Review of UNSETTLING by Lynda Sandoval (see her website)
Rayo, June 2004
Cop Lucy Olivera is getting married--and freaking out. She's sure the Olivera curse, that no first marriage ever works, dooms her planned marriage. In this case, that would be terrible because Ruben is the real thing. With her family chipping in his and her gifts to make the property division easy, Lucy falls back on her friends. The four women were close in high school but in the twenty years after, they've drifted apart. Lucy is a narcotics cop who's afraid to get married. Mercedes is a magazine editor--whose career is about to go down the tubes with her loser boyfriend. Cristina is a society woman just caught shoplifting. And Annette is a serial mom--who suddenly realizes that she doesn't really have a life of her own and whose oldest daughter just announced that she's found the love of her life and she's another woman.
Getting the four women together seemed like a good idea and Lucy's friends resolve to keep their own problems on hold until they can get Lucy married, but a wedding can't work miracles--not even one that's reinforced with Vicodin. And once she realizes what's happened, Lucy heads for the hills. Her friends track her down but they can't solve her problems--let alone their own problems. The answer is a quest for a wise woman, a witch who has a way of finding the truth and helping people deal with their realities. Of course, finding this wise woman--if she exists at all--isn't going to be easy. But they're four smart women and they don't intend to let anything get in their way.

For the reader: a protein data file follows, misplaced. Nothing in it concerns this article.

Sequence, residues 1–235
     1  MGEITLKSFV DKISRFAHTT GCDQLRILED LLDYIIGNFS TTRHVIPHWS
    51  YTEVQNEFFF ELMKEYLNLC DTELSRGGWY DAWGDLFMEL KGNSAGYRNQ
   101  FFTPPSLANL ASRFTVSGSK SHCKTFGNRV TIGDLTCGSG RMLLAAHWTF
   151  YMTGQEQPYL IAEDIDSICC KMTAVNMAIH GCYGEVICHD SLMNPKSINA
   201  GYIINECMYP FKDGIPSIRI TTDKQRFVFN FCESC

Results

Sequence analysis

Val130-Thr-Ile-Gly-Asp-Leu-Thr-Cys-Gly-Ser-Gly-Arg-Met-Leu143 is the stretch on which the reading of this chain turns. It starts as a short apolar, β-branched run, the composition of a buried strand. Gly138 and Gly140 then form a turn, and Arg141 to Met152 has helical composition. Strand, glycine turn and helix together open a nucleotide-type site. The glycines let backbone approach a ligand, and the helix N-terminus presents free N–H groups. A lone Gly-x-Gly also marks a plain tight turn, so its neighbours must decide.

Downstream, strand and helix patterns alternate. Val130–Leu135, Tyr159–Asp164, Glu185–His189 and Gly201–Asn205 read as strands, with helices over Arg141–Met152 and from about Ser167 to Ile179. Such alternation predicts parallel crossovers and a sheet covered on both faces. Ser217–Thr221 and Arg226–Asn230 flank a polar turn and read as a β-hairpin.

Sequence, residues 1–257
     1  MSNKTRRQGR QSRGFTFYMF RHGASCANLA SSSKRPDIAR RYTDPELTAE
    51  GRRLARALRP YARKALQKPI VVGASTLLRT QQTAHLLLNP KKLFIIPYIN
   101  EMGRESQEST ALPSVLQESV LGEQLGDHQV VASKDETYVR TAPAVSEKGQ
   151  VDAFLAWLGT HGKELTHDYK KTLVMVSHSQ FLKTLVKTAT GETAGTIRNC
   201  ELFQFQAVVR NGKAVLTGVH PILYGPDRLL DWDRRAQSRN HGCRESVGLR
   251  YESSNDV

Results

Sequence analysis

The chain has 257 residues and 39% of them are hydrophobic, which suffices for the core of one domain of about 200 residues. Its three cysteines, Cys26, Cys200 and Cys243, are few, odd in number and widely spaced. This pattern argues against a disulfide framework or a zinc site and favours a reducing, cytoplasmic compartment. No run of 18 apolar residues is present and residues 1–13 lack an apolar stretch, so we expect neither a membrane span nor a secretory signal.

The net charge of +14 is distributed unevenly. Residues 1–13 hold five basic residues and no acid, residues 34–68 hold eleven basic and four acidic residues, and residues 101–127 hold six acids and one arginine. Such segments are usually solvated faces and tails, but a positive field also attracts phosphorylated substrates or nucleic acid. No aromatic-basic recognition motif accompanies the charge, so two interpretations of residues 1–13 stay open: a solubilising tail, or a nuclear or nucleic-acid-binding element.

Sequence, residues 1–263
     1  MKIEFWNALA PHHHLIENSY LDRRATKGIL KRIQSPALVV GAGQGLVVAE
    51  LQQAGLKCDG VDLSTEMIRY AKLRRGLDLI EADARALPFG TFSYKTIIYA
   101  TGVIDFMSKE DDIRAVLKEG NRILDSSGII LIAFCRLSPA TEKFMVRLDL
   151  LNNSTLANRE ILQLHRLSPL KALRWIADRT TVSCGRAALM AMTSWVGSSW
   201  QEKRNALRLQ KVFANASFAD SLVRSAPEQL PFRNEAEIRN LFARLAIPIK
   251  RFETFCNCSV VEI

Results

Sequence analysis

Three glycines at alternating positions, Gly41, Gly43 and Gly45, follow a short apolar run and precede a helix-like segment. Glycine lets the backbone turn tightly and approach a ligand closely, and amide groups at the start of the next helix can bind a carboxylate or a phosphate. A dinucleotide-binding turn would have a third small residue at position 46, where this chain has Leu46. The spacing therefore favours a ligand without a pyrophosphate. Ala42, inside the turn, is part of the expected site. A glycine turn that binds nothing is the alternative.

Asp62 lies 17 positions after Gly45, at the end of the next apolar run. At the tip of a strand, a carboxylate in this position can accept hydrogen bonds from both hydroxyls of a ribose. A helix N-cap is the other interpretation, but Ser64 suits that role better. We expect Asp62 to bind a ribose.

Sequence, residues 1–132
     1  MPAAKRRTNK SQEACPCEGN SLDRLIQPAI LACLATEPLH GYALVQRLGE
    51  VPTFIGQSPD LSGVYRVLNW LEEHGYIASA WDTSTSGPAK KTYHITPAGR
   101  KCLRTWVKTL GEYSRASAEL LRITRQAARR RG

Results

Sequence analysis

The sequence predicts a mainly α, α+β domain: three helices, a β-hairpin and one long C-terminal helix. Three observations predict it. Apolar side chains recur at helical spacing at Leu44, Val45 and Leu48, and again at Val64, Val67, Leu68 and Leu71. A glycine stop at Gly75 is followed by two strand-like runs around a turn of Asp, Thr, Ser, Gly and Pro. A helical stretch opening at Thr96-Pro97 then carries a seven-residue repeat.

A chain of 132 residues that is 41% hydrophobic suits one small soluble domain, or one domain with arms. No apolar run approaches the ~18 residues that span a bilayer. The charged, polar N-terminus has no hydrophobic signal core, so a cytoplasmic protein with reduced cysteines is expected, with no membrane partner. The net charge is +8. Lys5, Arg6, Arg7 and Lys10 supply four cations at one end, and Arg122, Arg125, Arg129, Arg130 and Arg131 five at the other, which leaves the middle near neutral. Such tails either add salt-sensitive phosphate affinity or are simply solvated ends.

Author Lynda Sandoval takes the standard group-of-woman-friends subplot that woman's fiction has hammered to death and breathes new life into it. The epic quest that the four woman travel is sometimes Oz-like, as each discovers the courage, wisdom, or love that they know they need and have been denying. As each woman struggles to come to terms with their own issues, the bonds that connected them in high school reconnect and strengthen all four of them. Sandoval's strong and sympathetic writing makes each character feel real and emotionally complex.
Sandoval deals with real issues--drug addiction, compulsive shoplifting, low self-worth, and family conflicts, and she doesn't offer easy ways out. But she does offer hope--hope that doesn't depend on magic but that really is magic.
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